James Gill Photography
John Arnold as Younger Galileo in Madison Opera's <i>Galileo Galilei.</i>
Philip Glass's Galileo Galilei has had rather limited circulation around the operatic world, so it was a brave step for Madison Opera to take it up. But the step has paid off, with perhaps the best yet of the company's small, midseason productions in the Overture Center's intimate Playhouse.
Running 90 minutes, in 10 scenes without intermission, the plot of the piece touches responsibly on the history of the epochal scientist in his struggle between reason and faith. The libretto is literate and quite sensitively wrought, often using actual texts of the time.
The action moves in reverse chronology, from the anguish of his last years, back through his submission to the church, his trial, his involvement with sensitive cosmographic thinking (Copernicus, you know), his youthful pursuits of scientific discovery (even amid scriptural conflicts), his triumphant invention of the telescope, and his youthful experiences with his musician father at the culture of the Florentine court. An imaginary opera given there, on the myth of Orion, brings us back the blind old man in the transcendent ecstasy of his quest for the heavens.
The designation of the entire work as an opera is a sign of the blurred categories of our time. Philip Glass is, of course, one of the founders of the Minimalist school of composition. While his earlier stage works have led him to some fairly impressive musical work, this Galileo score is not on that level. The instrumentation, calling for only 13 players, is in the familiar line of cycles of repetition, devoid of any kind of lyric content or flow. It provides rather a kind of sonic carpet for the singers, actually quite supportive and not at all distracting. Nor is there much explicitly melodic content or lines in the declamatory singing set above it.
Still, Glass provides his singers with completely comfortable and lucid vocal writing. It is less an opera in the traditional sense and more a theater piece. And it proves a very satisfying one, with many touching and effective dramatic moments. Especially so thanks to a very clever production designed by Barry Steele and directed by A. Scott Parry. There is no set to speak of; all the action is played out within three large discs, one on and one above the stage floor, and another at the back, onto which apt but unobtrusive projections are run. As always, Karen Brown-Larimore's costumes are elegantly varied.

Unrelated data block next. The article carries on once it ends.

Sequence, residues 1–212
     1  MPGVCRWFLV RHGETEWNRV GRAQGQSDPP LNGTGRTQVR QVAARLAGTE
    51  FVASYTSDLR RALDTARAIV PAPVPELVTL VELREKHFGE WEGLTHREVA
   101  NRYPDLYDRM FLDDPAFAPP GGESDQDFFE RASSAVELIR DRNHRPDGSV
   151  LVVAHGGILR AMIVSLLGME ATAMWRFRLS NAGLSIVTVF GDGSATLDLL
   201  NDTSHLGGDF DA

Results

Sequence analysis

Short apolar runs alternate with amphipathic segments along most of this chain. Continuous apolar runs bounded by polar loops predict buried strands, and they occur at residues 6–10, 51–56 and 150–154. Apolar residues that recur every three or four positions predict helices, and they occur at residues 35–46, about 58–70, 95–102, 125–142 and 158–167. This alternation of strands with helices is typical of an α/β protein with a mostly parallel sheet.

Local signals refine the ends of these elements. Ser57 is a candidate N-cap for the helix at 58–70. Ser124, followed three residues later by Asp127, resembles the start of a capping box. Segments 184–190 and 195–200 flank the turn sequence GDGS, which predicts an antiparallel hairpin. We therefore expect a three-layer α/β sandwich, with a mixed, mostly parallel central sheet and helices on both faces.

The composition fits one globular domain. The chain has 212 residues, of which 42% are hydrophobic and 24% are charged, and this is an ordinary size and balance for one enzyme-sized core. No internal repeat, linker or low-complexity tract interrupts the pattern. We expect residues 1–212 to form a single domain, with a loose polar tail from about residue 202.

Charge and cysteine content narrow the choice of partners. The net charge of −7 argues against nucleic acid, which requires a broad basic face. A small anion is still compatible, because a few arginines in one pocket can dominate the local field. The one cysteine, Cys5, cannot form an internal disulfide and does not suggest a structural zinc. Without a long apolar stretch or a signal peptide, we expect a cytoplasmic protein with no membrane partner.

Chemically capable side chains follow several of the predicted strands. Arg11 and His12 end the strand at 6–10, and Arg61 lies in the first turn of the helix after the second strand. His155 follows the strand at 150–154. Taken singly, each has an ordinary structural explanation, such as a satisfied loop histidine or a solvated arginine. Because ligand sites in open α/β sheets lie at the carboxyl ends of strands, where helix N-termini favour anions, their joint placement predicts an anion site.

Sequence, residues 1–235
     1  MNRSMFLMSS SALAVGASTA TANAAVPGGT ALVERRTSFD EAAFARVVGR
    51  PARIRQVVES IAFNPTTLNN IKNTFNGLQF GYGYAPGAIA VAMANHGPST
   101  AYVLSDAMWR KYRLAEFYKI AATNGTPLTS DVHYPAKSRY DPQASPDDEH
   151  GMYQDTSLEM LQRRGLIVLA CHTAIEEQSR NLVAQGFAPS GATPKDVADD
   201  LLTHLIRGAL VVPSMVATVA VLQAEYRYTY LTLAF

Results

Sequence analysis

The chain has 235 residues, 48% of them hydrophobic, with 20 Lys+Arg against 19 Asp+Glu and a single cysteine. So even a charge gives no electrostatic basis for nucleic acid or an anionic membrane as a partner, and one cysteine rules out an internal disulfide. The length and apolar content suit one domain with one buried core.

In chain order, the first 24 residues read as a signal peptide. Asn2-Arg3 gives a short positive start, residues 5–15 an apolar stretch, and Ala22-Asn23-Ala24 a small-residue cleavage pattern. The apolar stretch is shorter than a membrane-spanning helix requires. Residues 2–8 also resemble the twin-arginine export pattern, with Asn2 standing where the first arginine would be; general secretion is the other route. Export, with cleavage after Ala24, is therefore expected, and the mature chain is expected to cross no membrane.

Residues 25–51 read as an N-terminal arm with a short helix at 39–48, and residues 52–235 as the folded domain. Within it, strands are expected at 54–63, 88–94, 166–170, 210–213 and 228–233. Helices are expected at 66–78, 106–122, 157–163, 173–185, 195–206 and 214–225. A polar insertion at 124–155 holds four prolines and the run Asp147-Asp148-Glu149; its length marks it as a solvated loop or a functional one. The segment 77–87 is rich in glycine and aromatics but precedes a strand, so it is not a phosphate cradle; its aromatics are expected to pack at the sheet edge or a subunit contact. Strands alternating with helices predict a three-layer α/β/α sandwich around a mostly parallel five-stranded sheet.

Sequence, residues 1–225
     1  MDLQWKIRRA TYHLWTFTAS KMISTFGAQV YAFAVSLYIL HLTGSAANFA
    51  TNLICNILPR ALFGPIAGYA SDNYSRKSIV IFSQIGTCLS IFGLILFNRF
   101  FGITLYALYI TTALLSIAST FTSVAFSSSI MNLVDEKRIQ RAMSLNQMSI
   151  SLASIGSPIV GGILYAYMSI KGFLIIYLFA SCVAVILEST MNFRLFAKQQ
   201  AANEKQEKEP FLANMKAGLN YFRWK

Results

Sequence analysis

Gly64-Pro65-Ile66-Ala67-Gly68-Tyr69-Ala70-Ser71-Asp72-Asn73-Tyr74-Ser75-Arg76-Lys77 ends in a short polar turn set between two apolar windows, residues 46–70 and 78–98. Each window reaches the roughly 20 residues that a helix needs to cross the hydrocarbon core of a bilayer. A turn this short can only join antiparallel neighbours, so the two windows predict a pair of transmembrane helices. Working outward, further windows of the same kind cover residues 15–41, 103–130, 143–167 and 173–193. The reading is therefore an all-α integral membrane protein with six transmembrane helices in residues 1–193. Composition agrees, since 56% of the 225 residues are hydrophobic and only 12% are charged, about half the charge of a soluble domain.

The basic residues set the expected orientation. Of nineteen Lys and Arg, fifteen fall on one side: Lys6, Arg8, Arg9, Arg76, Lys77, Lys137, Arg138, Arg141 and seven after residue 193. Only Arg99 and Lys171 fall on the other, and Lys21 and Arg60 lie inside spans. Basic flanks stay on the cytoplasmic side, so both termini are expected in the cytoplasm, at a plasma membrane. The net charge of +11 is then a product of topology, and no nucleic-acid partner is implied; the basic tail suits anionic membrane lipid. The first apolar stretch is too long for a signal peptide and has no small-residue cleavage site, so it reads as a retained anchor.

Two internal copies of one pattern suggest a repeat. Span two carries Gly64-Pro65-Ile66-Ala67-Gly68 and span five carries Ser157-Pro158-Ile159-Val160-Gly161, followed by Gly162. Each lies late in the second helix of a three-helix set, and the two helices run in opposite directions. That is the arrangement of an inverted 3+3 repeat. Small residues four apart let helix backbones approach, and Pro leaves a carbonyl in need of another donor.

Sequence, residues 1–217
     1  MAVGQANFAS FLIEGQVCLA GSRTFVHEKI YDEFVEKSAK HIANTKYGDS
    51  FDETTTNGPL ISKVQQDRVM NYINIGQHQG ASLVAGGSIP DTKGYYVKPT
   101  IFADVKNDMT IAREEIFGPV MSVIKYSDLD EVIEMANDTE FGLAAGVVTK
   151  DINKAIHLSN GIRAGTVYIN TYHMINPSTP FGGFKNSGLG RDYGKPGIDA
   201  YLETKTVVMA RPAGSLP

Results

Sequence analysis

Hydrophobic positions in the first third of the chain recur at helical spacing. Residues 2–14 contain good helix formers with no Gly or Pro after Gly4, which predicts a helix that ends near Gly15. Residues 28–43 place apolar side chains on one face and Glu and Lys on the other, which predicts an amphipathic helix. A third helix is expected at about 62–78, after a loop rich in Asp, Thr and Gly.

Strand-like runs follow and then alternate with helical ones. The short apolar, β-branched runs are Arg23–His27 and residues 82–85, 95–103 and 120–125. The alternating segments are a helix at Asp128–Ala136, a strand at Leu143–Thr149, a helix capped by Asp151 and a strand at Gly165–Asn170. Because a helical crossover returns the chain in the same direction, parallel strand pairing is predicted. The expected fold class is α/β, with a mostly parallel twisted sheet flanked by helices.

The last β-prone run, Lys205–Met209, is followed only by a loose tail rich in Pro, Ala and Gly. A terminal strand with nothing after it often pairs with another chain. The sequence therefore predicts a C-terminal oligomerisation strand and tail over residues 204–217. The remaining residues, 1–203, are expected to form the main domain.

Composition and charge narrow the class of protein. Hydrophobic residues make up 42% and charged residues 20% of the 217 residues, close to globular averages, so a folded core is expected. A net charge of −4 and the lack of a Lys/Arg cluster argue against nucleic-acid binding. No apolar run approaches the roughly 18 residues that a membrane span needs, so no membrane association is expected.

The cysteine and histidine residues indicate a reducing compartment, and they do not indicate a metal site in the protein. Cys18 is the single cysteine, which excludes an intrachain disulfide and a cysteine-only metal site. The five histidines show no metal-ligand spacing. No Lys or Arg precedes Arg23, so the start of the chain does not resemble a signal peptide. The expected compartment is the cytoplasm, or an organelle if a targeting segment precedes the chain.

The production is particularly fortunate in its vocal team. A total of 25 roles is distributed among 11 singers. The character of Galileo is divided into older and younger personifications. Tenor William Joyner as the lonely elder and baritone John Arnold as the affirmative youth each give performances of outstanding vocal and acting strength -- and look quite plausible as the same man at two different ages.
Among other assignments, Dean Peterson brings his powerful bass voice to the Barberini cardinal who, as later Pope Urban VIII, betrays his former friend. In female roles we meet a lot of old friends: sopranos Jamie-Rose Guarrine and Saira Frank, plus ever-dependable mezzo Allisanne Apple. And young Jennifer DeMain does her parents credit as the youthful personification of Galileo's beloved daughter. Despite a few rough instrumental moments, conductor Kelly Kuo maintains a stable beat.
After the autumn's glorious Eugene Onegin, this is Madison Opera's second triumph of the season. It plays again Friday and Saturday at 8 p.m., Sunday at 2:30 p.m.